One other change that might be useful is to make Resurrection a higher level spell. It is only level 6, which would mean that every two-bit village priest would be capable of it. With Rolemaster spells going up to level 50, I think Resurrection should be higher than 6, which would limit the culture-breaking implications of having resurrection available to pretty much every journeyman cleric in the game.
RM2 used to have rules for body decomposition that limited the effectiveness of resurrection spells (i.e. you came back with reduced stats), and even DnD had some rules for this IIRC. So some permanent penalty might be necessary to prevent endless resurrections. Good point though about enemies coming back too!
And since you asked: the plural for ‘nemesis’ is ‘nemeses’. Some Greek nouns (and Latin loan words descended from them) decline that way (ending in ‘-is’ singular, ‘-es’ plural, even though both can sound plural to an English speaker due to the final ‘s’).
That last post was me; I just forgot to log in!
Nemesi didn’t sound quite right, a bit too much like Octopi which despite being scarily intelligent don’t make into enough RPG adventures.
I agree, I really like the BASiL channelling lists. The Noble Warrior could also supercharge their dedicated weapon which saved the GM from having to dish out powerful magic items. I like the Druidstaff spells.
I think the lack of a heavy, armor-using Mentalism semi is a missed opportunity in RMU. The #1 benefit to me of the Mentalism realm is the ability to wear armor without having to worry about casting penalties. But none of the core RMU Mentalism semis are particularly armor-focused: Magents are more like spies, and monks tend not to wear armor. Neither has particularly good costs for armor.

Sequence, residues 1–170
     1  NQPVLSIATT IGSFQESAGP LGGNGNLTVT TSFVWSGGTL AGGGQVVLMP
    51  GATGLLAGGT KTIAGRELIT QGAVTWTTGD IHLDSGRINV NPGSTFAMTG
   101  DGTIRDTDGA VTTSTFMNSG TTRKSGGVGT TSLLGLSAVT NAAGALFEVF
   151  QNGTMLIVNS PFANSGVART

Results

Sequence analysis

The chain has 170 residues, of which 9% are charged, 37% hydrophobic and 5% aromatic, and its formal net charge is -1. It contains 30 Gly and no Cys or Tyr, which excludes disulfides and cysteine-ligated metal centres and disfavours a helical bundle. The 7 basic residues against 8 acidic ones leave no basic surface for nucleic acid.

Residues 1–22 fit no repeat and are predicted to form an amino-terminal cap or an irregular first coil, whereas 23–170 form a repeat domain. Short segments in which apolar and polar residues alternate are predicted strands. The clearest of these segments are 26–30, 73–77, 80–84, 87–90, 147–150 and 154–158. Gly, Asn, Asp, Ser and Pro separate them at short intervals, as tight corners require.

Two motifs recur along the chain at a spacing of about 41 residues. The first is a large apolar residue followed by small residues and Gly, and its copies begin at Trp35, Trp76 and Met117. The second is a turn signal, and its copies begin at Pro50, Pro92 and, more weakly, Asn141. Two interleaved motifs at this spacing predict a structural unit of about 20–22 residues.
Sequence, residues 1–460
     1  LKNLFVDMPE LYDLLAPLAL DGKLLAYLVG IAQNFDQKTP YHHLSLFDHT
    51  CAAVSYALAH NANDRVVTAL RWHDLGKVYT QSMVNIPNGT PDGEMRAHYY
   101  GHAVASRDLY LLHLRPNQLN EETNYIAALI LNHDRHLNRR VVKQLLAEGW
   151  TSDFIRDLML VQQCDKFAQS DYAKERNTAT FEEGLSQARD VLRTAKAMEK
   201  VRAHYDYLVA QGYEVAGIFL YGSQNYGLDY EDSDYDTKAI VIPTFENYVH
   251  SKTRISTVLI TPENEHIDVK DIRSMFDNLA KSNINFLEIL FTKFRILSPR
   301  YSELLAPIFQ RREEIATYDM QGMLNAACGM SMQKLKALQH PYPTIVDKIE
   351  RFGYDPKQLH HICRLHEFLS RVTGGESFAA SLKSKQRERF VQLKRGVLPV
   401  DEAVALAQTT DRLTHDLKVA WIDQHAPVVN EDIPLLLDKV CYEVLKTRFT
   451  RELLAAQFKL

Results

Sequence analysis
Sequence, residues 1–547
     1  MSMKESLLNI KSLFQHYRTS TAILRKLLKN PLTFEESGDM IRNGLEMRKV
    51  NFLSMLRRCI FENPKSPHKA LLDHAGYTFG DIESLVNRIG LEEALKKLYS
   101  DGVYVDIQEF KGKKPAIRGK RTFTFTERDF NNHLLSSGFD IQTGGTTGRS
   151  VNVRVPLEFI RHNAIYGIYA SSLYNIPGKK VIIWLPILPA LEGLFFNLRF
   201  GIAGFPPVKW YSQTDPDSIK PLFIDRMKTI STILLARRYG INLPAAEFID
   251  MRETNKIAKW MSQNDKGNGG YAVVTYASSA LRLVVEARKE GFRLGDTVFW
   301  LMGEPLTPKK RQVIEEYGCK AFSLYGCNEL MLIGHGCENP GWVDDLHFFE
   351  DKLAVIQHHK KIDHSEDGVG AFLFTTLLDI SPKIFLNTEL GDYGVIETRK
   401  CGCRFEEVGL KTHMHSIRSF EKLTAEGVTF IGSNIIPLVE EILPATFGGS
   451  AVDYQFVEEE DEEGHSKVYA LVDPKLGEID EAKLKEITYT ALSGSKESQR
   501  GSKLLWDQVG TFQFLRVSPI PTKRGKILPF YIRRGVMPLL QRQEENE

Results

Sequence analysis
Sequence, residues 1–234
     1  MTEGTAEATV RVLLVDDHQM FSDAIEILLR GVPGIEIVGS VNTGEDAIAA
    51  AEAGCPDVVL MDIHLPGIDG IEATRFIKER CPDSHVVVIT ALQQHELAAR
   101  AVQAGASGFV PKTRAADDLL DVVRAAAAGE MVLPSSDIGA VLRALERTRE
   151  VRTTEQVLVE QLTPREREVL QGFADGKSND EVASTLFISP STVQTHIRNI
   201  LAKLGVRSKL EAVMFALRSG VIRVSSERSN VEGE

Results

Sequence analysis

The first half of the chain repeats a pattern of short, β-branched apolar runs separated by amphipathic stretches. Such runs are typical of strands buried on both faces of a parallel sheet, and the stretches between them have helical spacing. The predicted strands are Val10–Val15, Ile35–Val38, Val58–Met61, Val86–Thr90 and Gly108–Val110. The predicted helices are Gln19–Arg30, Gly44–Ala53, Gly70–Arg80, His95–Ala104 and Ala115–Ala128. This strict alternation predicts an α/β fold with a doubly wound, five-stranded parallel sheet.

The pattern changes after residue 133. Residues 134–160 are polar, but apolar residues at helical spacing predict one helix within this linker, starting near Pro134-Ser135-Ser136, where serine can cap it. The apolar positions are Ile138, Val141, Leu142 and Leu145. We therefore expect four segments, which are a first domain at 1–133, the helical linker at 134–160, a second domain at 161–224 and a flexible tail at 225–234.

So that does leave me pining for a return of the Noble Warrior or some of the other heavily armored Mentalism semis of Rolemaster’s past to fill the gap. The Armsmaster and Battlemaster I think would be good. I’ve actually thought about making them with RMU skill costs:
–An Armsmaster who is a Mentalism semi and focuses on individual combat skills. He is kind of like a Champion. Another possible name for the class would be Kensai or Samurai.
–A Battlemaster who is a Mentalism semi focused on battlefield command. He would essentially be like a Warlord or Marshal.
–A Witcher. If you’ve ever read the Witcher novels or played the videogames, you will recognize this as a really fun class. He uses arms and armor but also concocts his own potions and bombs/grenades. He might fit better as an Essence user, but then the armor would be a problem; so making him Mentalism might be better.
I like the mix of a mentalism alchemist.
The Noble Warrior was one of the best RM2 semis I think. Mentalism open lists are very handy and the base lists plus heavy armour made for a complete all rounder.
I loved the Noble Warrior! That would have been my first choice for a character in RMU if it had been available. The Paladin is still pretty great though.
When I redid the Paladin for my world, I actually took some Noble Warrior lists and incorporated them into the Paladin stuff. The catch was a character had to be promoted to full Paladin in order to access them. I did retain the Noble Warrior, but it was a Profession restricted to a specific culture (I have a number of those in my setting…it provides a solid game-driven mechanic for controlling some of the more potent Professions).
That’s a neat idea.